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2022-10-13 00:00:00 Avenue Magazine The New-York Historical Society Celebrates Kwame Brathwaite With a Landmark Exhibition

The New-York Historical Society Celebrates Kwame Brathwaite With a Landmark Exhibition

All that jazz
BEAUTIFUL INDEED The Grandassa Models at the Merton Simpson Gallery in New York, ca. 1967
Photo by Kwame Brathwaite, courtesy of the artist and Philip Martin Gallery, Los Angeles, and The New-York Historical Society

Considered a pivotal figure in launching the “Black is Beautiful” movement of the late 1950s and ’60s, Kwame Brathwaite is credited with ushering in a “Second Harlem Renaissance,” using his art form to affirm notions of Black physical beauty, to celebrate African American identity, and to showcase Harlem’s vibrant jazz scene during a politically charged time in America.

“My father sought to address how white conceptions of beauty and body image affected Black women, not only through his writings and images, but also the activities of two organizations he cofounded — an artist collective known as the African Jazz-Art Society & Studios, in 1956, and the Grandassa Models, in 1962,” the artist’s son, Kwame S. Brathwaite, tells Avenue from his home in LA. The latter, he explains, was a group of eight female “ambassadors” who epitomized notions of Black beauty, women who took pride in their natural hair and more generous curves. “My father believed that you should be your natural self and be proud of who you are, rather than obligated to accept another person’s standard of beauty. This was quite revolutionary, given that, at the time, it was unacceptable for Black people — women in particular — to sport an Afro.”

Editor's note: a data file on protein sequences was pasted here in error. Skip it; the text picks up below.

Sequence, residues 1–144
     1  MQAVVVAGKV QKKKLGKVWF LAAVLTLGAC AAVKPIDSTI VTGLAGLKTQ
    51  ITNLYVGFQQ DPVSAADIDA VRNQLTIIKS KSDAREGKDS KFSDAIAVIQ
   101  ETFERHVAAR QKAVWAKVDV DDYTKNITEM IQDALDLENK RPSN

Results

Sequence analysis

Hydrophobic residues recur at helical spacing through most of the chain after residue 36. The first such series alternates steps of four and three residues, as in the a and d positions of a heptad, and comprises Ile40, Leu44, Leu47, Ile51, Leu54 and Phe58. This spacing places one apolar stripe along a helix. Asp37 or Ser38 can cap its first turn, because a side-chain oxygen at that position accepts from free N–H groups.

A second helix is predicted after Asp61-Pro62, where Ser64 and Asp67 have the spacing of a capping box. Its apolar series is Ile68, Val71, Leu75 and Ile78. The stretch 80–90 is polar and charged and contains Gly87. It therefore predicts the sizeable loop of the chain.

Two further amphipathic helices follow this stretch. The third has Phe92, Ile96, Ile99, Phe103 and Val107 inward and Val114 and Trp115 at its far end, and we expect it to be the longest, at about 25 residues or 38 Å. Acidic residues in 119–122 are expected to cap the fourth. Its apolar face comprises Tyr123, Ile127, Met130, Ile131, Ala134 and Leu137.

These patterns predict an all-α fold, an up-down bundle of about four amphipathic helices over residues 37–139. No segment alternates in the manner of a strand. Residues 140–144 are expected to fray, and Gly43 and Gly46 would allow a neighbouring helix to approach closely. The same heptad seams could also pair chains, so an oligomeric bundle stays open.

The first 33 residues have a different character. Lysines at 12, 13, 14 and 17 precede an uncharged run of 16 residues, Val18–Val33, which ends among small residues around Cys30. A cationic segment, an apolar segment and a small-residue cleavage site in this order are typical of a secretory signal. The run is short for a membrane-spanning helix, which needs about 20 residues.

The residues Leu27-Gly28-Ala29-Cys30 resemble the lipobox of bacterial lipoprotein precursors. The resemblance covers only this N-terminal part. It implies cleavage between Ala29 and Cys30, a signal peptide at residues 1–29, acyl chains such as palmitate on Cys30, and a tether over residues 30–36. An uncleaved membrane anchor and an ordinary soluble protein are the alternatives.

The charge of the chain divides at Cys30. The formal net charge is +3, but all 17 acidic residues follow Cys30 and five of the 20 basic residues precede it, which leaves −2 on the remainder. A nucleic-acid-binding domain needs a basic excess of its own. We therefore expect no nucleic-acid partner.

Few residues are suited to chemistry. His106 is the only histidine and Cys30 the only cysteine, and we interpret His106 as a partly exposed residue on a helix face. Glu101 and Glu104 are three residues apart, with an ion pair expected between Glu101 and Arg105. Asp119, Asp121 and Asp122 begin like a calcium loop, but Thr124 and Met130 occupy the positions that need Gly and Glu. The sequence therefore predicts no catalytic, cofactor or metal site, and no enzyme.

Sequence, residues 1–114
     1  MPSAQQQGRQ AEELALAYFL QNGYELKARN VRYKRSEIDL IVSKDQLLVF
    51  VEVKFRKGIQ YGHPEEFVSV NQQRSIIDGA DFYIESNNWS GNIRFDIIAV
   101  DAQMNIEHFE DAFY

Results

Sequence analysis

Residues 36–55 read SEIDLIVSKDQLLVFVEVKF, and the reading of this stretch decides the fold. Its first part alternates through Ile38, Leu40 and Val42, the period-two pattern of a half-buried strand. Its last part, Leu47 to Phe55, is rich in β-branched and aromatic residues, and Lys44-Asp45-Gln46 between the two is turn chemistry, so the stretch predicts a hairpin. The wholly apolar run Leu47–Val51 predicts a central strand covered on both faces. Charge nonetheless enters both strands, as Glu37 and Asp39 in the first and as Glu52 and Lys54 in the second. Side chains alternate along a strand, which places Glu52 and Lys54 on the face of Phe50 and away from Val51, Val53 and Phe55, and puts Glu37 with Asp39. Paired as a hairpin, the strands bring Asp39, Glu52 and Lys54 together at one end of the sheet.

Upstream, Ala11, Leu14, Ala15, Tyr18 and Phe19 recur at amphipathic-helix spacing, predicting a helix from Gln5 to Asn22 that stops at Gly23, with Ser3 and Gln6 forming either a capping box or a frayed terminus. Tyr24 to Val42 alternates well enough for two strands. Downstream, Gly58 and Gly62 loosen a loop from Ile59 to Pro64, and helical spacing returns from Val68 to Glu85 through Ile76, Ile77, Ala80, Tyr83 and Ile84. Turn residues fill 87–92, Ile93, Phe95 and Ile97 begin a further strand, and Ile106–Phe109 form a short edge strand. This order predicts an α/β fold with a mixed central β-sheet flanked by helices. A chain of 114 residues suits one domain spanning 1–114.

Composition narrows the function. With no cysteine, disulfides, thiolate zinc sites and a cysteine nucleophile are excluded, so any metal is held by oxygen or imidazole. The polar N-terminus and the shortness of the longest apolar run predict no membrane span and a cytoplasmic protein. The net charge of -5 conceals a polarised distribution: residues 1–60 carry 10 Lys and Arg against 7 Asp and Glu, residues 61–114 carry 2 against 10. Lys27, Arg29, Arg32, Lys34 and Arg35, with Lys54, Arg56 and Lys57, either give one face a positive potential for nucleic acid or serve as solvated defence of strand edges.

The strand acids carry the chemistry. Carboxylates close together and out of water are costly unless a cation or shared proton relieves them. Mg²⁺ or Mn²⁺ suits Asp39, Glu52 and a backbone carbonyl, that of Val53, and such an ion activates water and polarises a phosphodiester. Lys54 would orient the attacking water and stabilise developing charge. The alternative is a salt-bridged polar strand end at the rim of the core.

Brathwaite’s wife, Sikolo, wears a headpiece designed by Carolee Prince in this image taken at the African Jazz-Art Society & Studios in Harlem, ca. 1968
Photo by Kwame Brathwaite, courtesy of the artist and Philip Martin Gallery, Los Angeles

By the 1970s, the photographer had become one of the era’s most prominent image makers, helping shape the visual narratives around such notables as Bob Marley, James Brown, Stevie Wonder, Nina Simone, and Muhammad Ali. Brathwaite also chronicled in his words and images such momentous events as the famed 1974 Foreman-Ali fight, the so-called Rumble in the Jungle, and the inauguration of South African president Nelson Mandela in 1994. In more recent years, he has also been a lensman of choice for supermodels, including Iman and Beverly Johnson.

Now, the artist, 84, is being celebrated in a landmark exhibition at the New-York Historical Society. The 40 large-scale black-and-white and color images on view, taken over the course of more than six decades, evince a powerful intersection of music, fashion, activism, and art. (For those interested in acquiring editioned images, Brathwaite is represented by the Philip Martin Gallery in LA and works with LGDR in New York.)

Black Is Beautiful: The Photography of Kwame Brathwaite, organized by the Aperture Foundation, runs through January 15, 2023. A reception and panel discussion with the artist is scheduled for October 19.

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